I've settled in at school for the most part, so I have a bit more time to do some things I want. I do mean for the most part; every day is something new, and I certainly have my troubles and disappointments. But I have my victories too—particularly with the kids. My favorite story so far is of the young girl who cried uncontrollably the first two times I taught her, but now appears to be genuinely excited to see me, and races to get her shoes off before class. It makes me feel that, while I may not be the most polished or effective teacher, at least I have something in me that she finds safe and, well, fun. It's not a trait I thought I had, and it makes me happy in a way I haven't known before.
Got an email from my friend Maya from San Francisco State, who is living in Tokyo with her boyfriend Eric, also a classmate at SFSU. We met up at Ben's Cafe in Takadanobaba (where they serve some fine coffee, a rarity in Tokyo, as anywhere else), then met Eric later and went to a Hawaiian burger restaurant in Harajuku.
The real highlight lately, though, was last week's Awa odori festival in Kouenji, west of Shinjuku. It's a festival that originated on the island of Shikoku, and the biggest celebration is still held there, in Tokushima (once called Awa). But it is popular all over Japan, and there were several processions in Tokyo itself.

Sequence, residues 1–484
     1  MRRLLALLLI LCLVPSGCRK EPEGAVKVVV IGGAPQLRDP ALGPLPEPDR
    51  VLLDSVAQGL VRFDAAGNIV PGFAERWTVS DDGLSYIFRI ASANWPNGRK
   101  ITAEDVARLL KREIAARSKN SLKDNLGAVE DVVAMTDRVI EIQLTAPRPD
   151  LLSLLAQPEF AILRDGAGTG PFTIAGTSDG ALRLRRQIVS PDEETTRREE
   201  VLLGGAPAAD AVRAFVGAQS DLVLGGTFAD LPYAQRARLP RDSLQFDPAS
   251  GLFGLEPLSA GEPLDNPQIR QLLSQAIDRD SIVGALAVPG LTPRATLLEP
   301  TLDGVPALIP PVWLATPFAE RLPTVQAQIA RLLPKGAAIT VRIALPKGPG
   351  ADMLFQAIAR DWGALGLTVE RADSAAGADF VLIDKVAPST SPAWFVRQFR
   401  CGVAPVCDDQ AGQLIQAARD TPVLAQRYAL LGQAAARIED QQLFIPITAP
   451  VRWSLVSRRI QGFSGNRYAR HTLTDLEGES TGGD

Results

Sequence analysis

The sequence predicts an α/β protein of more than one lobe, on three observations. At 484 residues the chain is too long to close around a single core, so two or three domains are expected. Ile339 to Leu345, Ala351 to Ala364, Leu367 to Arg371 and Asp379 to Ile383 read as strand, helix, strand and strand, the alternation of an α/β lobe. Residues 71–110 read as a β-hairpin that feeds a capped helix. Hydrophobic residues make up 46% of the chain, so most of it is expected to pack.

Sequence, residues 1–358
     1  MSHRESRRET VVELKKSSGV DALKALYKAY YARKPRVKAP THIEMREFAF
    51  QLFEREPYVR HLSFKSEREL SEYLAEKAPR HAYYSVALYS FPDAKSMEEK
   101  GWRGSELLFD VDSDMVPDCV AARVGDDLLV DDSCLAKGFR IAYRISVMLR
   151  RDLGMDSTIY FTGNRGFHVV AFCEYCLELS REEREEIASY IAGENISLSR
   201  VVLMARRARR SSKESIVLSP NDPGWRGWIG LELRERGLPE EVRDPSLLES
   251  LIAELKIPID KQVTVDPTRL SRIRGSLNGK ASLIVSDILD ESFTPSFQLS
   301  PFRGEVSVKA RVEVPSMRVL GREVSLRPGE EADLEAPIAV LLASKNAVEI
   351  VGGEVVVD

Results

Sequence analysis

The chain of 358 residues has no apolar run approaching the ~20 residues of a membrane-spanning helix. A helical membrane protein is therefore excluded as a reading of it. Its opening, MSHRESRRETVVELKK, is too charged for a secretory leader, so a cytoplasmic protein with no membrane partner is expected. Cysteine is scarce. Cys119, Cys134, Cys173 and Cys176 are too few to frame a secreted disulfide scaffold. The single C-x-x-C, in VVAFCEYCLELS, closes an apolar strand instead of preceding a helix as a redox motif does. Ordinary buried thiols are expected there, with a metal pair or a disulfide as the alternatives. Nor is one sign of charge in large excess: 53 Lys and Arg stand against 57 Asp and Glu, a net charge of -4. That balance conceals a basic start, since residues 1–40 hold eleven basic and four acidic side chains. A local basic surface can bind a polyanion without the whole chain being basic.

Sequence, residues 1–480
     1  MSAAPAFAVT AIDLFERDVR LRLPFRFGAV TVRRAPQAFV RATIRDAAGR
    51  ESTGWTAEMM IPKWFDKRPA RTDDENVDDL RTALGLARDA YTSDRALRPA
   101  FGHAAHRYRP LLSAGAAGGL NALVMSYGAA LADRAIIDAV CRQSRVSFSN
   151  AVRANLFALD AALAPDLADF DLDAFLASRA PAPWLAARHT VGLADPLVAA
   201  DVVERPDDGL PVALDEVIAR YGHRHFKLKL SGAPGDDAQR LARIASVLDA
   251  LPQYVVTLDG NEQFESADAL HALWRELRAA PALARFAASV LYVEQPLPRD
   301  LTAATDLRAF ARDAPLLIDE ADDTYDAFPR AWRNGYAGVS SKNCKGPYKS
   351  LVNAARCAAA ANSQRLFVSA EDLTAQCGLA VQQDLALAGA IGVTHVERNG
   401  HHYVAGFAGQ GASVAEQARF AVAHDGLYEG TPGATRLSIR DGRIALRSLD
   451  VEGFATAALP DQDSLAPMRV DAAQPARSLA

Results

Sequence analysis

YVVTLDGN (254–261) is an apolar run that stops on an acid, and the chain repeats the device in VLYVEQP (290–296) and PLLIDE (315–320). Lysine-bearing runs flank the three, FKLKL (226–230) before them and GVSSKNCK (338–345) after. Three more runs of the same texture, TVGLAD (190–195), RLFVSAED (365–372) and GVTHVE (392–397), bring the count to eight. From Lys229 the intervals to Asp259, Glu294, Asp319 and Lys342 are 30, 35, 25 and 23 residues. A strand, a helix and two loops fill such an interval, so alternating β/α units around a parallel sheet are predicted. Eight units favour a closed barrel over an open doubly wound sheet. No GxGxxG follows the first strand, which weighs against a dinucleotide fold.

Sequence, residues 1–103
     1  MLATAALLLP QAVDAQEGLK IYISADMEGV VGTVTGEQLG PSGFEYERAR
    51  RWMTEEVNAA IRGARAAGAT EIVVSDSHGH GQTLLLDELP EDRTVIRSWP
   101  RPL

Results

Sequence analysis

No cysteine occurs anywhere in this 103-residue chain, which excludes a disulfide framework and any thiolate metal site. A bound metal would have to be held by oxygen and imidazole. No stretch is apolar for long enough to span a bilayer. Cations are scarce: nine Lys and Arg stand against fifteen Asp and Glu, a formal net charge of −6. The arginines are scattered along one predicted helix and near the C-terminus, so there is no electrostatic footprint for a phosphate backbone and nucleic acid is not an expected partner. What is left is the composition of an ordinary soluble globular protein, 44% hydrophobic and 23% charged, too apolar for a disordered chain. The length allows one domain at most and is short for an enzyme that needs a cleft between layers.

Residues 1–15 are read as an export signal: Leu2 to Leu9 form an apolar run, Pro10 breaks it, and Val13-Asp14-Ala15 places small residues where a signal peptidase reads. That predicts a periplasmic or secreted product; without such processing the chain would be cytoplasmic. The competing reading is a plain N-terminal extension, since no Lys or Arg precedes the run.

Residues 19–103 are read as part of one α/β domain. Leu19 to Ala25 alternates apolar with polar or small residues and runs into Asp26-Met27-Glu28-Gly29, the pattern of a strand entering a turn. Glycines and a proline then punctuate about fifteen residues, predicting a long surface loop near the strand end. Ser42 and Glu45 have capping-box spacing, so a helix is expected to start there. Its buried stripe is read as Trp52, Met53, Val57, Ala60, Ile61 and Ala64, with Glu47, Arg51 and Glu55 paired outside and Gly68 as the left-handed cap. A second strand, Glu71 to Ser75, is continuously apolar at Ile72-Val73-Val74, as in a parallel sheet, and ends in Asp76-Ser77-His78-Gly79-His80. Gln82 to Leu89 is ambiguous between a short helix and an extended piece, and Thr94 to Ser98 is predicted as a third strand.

According to the Japan National Tourism Organisation, the "Dance of Fools" started in Tokushima in 1587 when the townspeople danced like fools because they were drunk from the sake given to them by their feudal lord. Over the years it has been tamed and reduced to representative steps, but all the same it is a pleasure to witness and, even more I'm sure, a joy to participate in.
The instruments play an important part in all Japanese festivals, and are the real backbone of the entertainment in the Awa odori.
The kids joined in on the fun, of course.
Finally, yesterday we had quite a shock: while I was waiting for students to show up in the Shinjuku school, the building suddenly started shaking; though I've been in several earthquakes in San Francisco and Tokyo, this was sudden and more frightening. If it had lasted for any length of time I imagine it would have caused some damage.
The next day, yesterday, was the anniversary of the last huge earthquake in Tokyo, the great Kanto earthquake of 1923. I'm sure there's no relationship.